Friday, 9 November 2007

One Hundred Years of Grease and Ink

London Lithographers’ Centenary

Vincent Brooks, Day and Son, Ltd.

A notable event in the history of the printing trade of London was celebrated on Friday night, when a dinner was given by Messrs. Vincent Brooks, Day and Son, Ltd.- London’s oldest firm of lithographic printers- to mark the centenary of this well known house. At the Horse Shoe Hotel, Tottenham-court-road, the firm entertained a large company of their employees, together with a number of distinguished visitors connected with the printing trade, amongst the latter being Mr. Gerard T. Meynell, Mr. A. E. Goodwin (secretary of the Federation of Master Printers), and Mr. Woodgate Stevens (London secretary of the Amalgamated Society of Lithographic Printers).

Under the presidency of Mr. W. Vincent Brooks, the present head of the firm, an excellent dinner was enjoyed, and then the company settled down to a generous concert programme interspersed with speeches.

Before the speeches started, an interesting preliminary took place, the chairman and his brother, Mr. Frederick A. Brooks, being presented each with a framed portrait of himself. The presentation was made on behalf of the employees by Mr. Broadstock, who was supported with enthusiastic applause. Both brothers then briefly returned thanks for this pleasant souvenir of the occasion.

The toast of the firm was given by Mr. Gerard Meynell. After remarking upon the wonderful achievement which was being celebrated that night, Mr. Meynell pointed out that lithography was not introduced until 1800, and in 1823 the firm which Messrs. Vincent Brooks represent to day began business, and they were still going on, turning out first class work. The thought of this achievement lead him to suggest the slogan “There are far more crooks than Brooks in the printing trade to-day.” (Laughter) Mr. Meynell concluded with a few personal references affectionately reminiscent of Mr. F. Vincent Brooks, the late managing director.

A Unique Record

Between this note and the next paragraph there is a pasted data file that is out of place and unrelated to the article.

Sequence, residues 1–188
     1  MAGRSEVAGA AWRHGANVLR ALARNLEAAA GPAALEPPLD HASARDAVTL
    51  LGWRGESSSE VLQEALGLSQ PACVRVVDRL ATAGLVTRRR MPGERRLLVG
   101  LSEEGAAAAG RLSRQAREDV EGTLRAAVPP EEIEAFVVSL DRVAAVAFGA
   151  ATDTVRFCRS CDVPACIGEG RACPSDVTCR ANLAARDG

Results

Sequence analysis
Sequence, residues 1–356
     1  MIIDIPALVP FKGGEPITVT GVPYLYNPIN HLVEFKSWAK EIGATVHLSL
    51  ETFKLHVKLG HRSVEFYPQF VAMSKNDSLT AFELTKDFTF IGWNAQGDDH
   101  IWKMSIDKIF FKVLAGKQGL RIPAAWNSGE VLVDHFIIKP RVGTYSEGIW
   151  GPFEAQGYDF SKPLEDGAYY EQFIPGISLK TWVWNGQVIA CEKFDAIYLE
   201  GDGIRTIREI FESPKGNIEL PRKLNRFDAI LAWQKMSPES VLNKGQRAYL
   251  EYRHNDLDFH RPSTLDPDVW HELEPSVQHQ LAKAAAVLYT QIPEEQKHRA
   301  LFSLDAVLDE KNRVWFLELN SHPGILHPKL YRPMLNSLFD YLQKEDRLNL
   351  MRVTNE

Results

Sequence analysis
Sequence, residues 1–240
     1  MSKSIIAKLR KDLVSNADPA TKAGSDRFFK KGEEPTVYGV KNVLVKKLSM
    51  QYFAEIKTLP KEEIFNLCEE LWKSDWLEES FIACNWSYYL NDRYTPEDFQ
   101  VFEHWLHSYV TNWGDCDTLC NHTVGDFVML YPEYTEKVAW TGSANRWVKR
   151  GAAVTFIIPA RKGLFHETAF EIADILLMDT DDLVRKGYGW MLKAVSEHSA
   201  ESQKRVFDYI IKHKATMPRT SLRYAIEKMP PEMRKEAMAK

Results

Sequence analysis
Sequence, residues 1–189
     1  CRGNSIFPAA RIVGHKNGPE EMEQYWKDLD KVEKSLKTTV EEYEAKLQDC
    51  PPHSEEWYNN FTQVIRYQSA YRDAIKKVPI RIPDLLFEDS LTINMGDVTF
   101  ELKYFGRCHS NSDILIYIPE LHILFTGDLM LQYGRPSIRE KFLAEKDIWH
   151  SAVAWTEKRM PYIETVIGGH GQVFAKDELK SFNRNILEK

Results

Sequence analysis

Response was made by the chairman, who began with a word of regret that his respected father had not lived to see this remarkable occasion. He regretted, too, that their old esteemed friend, Mr. Oliver A. Fry, who had been editor of Vanity Fair for a number of years and a director of this company since it’s incorporation, was prevented by ill-health from being present. After thanking Mr. Meynell for the generous way he him proposed the toast, Mr. Brooks went on to recall some outstanding facts relating to the firm’s history. Although, he said, their were older firms in existence that were now practising lithography, no other house had been established as lithographic printers for so long a period as theirs. This achievement was, he believed, unique. Another point was the record of their staff, and he went on to mention a number of cases of remarkably long service, including that of Mr. Greenfield, who had join joined the staff in 1861 (though his connection with the firm had not since been unbroken), and Mr. Broadstock who had been with them since 1869, and Mr. Clements, the works manager, who had been with them since 1870. He thought these two facts, the age of the firm, and the long experience of their worker, had been a valuable asset to the them in the period of trade depression. They had in their time done some unique and famous work. For instance everybody knew the world-renowned Vanity Fair cartoons. After recalling a number of other outstanding pieces of work, the speaker mentioned the fact then when Baxter ceased his practice, the firm of Vincent Brooks carried on the process, and they had also been the pioneers of photo printing. The chairman mentioned incidentally that Mr. Griffiths had, at the last board meeting, been co-opted a director of the firm - an announcement greeted with applause - and he closed by expressing, on behalf of his fellow directors and himself, a hope that their happy gathering that evening would help to cement the very excellent feeling already in existing between the management and the staff. (Applause).